At Will Employment

With unemployment rates at their highest levels in a quarter of a century, one hot button topic in today’s economic climate is job security. Most employees do not have written employment contracts, which provide for a defined term of employment. Instead, most employees are considered to be “at will.” An “at will” employee can be discharged for any reason, whether there be cause or not. The law does, however, afford “at will” employees some specific areas of protection, such as the New Jersey Law Against Discrimination (LAD), the Conscientious Employee Protection Act (CEPA) and the Age Discrimination Employment Act (ADEA) and that the termination not violate the public policy, such as, but not limited to, compliance or adherence with a recognized code of ethics.
An area that has led to much litigation is where an employment manual or handbook contains, what can be interpreted to be, an implied promise that termination be only for cause. In order for an employer to avoid creating a contract, where it does not intend one in this scenario, is that there be a “clear and prominent disclaimer within the handbook.” The key consideration is whether the expectation of the employee after reviewing the manual, is considered reasonable. As typical, with the word “reasonable,” there is no hard or fast rule as to its meaning. Courts have found that there are various factors which will assist in determining whether a manual provision creates such a contract. Thus, for the employer, contract language should not appear within the manual and there should be clear “at will” language used, so the employer can assure that the manual does not alter the intent of that employee to be at will. Thus, a disclaimer must appear within the manual clearly and prominently. Of course, courts have had to decide the issue of the clarity and prominence of these disclaimers. Again, there is no one way to satisfy these requirements, however, the use of bold letters, capital letters, color, etc. can be very important.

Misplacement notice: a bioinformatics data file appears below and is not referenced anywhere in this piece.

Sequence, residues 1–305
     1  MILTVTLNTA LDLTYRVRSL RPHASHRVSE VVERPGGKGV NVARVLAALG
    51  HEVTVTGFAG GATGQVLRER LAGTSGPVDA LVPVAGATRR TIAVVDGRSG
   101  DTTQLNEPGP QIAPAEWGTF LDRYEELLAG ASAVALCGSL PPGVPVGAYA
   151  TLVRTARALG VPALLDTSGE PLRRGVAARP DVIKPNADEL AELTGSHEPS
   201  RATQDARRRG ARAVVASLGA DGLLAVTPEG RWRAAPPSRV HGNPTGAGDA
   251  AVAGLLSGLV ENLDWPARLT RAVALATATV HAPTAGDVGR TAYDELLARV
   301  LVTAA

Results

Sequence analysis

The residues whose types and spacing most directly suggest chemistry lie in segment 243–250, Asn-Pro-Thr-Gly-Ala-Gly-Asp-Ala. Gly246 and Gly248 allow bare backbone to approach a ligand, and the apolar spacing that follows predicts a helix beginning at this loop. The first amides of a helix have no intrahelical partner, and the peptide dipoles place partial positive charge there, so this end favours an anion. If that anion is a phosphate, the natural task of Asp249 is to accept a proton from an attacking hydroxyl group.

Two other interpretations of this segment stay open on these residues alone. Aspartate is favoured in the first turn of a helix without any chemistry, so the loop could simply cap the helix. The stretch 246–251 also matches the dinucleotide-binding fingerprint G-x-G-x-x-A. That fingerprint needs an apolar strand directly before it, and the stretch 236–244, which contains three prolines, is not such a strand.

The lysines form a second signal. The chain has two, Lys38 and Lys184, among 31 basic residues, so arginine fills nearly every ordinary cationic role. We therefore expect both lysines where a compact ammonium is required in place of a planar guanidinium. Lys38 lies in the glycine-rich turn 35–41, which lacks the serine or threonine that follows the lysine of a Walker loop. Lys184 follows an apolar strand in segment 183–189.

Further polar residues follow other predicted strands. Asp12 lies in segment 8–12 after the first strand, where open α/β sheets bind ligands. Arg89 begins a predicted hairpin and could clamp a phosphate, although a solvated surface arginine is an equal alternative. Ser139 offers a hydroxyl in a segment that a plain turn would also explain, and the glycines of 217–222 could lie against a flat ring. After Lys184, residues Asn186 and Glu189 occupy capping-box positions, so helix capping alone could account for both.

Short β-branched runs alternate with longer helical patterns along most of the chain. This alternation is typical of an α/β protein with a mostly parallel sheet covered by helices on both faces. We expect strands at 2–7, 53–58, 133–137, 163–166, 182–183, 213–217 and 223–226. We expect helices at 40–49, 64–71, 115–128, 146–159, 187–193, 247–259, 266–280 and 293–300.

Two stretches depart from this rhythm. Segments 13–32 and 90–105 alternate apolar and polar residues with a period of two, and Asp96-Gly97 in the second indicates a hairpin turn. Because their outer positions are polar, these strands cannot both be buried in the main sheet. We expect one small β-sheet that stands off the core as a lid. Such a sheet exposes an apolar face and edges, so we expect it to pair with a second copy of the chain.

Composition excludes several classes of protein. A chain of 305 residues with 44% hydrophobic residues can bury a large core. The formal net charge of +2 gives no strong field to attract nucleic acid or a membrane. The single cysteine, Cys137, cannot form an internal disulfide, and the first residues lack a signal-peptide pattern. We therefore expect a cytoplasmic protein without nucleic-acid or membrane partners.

It is also very important that in an “at will” setting, employers have the manual and handbook reviewed by counsel to assure that they are not creating a contract where they do not intend to have one. A review of the handbook, by counsel, should take place on a regular basis to ensure that, as a whole, it continues to stay up to date in this increasingly challenging economy.

Darrell M. Felsenstein is a Partner at WJ&L and serves as the Chairman of our Litigation Department.

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